Tom Sturridge is a Beast - I liked Orphans, even if most of the reviews deemed it a mostly-flat show. But the one performance I loved the most? Tom Sturridge's wacky, wall-bouncing Philip grabbed my attention and never let go of it, even with the compelling Ben Foster and Alec Baldwin on stage. With the Lead Actor category stockpiled with a lot of talent and all three actors of this ensemble pit up against each other, he has a decent chance to sneak in despite not being the biggest name. Accumulating an OCC nomination (albeit, for "featured actor") and a Drama League nomination is good press...but it is up to the Tony voters now to omit a more obvious choice.

The One-Man (or Woman) Rundown - I still can't stand one-person shows and I DEFINITELY don't understand why this season was populated with four of them. But if they must exist, I can bring myself to admit that I'll Eat You Last, the Joe Mantello-directed monologue about the shade-throwing, Hollywood agent Sue Mengers, was comical and my favorite of the four (and marks a strong return to Broadway for Bette Midler). Ann is all but forgotten and Macbeth is a disaster with its muddled direction and story. I love Alan Cumming and eagerly await his run in Cabaret next Fall, but there is little differentiation between his characters and the show crumbles under his monotonous performance. The Testament of Mary was not as bad as I thought it would be, but it is way too abstract for Broadway and has no built-in audience. I hope that won't cast a pall over Fiona Shaw's heart-breaking, fully-naked (figuratively and literally-speaking) and stunning performance, my favorite out of all the leading ladies.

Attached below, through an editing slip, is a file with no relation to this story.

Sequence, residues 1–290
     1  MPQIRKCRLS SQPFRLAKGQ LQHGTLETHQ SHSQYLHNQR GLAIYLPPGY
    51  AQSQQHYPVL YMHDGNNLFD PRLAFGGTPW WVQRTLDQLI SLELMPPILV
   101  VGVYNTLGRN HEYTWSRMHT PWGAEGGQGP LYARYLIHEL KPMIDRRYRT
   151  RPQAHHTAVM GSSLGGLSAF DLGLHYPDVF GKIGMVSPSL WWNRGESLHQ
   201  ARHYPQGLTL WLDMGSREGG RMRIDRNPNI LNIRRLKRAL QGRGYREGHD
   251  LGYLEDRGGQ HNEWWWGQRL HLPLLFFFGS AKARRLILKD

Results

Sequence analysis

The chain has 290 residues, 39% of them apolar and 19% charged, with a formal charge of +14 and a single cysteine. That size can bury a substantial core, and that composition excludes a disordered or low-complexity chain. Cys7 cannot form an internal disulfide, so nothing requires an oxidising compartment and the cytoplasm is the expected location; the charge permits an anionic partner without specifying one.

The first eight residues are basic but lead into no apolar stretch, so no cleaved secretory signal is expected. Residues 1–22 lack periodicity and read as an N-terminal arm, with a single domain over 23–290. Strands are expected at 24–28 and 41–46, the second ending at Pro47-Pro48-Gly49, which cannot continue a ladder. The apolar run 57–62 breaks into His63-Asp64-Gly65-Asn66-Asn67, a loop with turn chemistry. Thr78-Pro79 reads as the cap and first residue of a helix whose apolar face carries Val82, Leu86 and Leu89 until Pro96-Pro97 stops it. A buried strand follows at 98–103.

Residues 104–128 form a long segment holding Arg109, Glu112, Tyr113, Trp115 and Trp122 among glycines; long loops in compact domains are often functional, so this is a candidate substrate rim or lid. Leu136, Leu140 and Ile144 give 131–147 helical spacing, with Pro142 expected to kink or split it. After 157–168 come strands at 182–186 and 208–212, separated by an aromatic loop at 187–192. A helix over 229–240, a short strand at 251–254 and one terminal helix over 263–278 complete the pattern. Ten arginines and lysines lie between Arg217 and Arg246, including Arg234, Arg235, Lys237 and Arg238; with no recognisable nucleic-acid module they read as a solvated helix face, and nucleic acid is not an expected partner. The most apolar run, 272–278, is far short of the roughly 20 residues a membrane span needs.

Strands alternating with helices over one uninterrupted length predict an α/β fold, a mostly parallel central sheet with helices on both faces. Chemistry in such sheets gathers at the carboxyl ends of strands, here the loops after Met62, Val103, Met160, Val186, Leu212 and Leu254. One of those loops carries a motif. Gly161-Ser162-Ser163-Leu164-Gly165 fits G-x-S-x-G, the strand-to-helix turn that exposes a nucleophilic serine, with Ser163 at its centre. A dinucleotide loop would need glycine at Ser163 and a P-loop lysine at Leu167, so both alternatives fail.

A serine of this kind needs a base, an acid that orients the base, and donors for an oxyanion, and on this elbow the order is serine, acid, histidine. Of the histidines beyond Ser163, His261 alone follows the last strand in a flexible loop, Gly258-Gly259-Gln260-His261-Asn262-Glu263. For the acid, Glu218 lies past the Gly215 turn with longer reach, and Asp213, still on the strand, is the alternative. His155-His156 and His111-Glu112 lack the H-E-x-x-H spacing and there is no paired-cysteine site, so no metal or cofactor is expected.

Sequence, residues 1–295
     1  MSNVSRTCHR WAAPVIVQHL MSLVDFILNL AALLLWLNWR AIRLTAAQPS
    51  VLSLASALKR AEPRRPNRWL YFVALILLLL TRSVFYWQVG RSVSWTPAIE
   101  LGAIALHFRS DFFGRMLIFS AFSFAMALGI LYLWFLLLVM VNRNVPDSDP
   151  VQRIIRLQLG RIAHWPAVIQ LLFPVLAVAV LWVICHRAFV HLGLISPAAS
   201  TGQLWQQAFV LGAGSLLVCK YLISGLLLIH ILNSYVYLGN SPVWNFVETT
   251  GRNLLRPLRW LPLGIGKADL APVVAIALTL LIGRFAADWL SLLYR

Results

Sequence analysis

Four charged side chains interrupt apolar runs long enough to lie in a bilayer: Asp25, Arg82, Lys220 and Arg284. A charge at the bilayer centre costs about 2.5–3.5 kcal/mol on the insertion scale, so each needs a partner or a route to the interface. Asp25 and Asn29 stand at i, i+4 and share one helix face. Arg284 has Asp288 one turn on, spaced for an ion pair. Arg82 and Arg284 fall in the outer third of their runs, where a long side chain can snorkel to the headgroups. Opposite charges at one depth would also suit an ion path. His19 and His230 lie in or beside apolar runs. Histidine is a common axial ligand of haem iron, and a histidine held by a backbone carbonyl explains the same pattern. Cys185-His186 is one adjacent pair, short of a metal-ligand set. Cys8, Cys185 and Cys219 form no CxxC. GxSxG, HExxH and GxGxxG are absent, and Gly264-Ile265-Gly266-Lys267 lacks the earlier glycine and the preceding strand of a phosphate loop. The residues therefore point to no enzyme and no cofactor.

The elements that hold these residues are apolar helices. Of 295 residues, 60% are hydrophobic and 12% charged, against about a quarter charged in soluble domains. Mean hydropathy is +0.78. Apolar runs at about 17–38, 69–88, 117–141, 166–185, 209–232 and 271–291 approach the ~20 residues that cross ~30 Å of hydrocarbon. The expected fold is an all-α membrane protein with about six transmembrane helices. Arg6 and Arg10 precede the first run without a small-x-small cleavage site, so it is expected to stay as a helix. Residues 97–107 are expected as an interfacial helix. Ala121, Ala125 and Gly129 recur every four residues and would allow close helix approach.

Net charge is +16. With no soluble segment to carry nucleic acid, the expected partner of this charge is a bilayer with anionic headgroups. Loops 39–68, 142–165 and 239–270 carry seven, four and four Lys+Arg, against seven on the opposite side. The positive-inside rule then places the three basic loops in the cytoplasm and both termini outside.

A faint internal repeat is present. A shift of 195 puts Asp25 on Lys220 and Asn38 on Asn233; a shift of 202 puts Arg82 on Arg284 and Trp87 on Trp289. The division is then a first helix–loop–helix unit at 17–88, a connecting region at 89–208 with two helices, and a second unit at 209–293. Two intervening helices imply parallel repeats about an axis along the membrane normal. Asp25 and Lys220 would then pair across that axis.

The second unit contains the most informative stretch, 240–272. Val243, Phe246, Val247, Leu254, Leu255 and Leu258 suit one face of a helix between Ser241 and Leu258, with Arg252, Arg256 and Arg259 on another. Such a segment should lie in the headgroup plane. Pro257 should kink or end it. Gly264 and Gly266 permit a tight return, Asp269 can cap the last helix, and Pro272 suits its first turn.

When Kind Meets Odets - I would mourn the fact that The Big Knife is mostly unremarkable, but Clifford Odets already got a genius revival with this Fall's Golden Boy, so I'll be alright. Besides, Knife got a shot in the arm whenever Richard Kind, perfectly cast as the cutthroat studio executive, showed up to devour the scenery with his take-no-prisoners humor and blatancy. His profile has been bolstered with Drama League, Drama Desk and Outer Critic Circle noms, so a Tony nomination may just follow suit.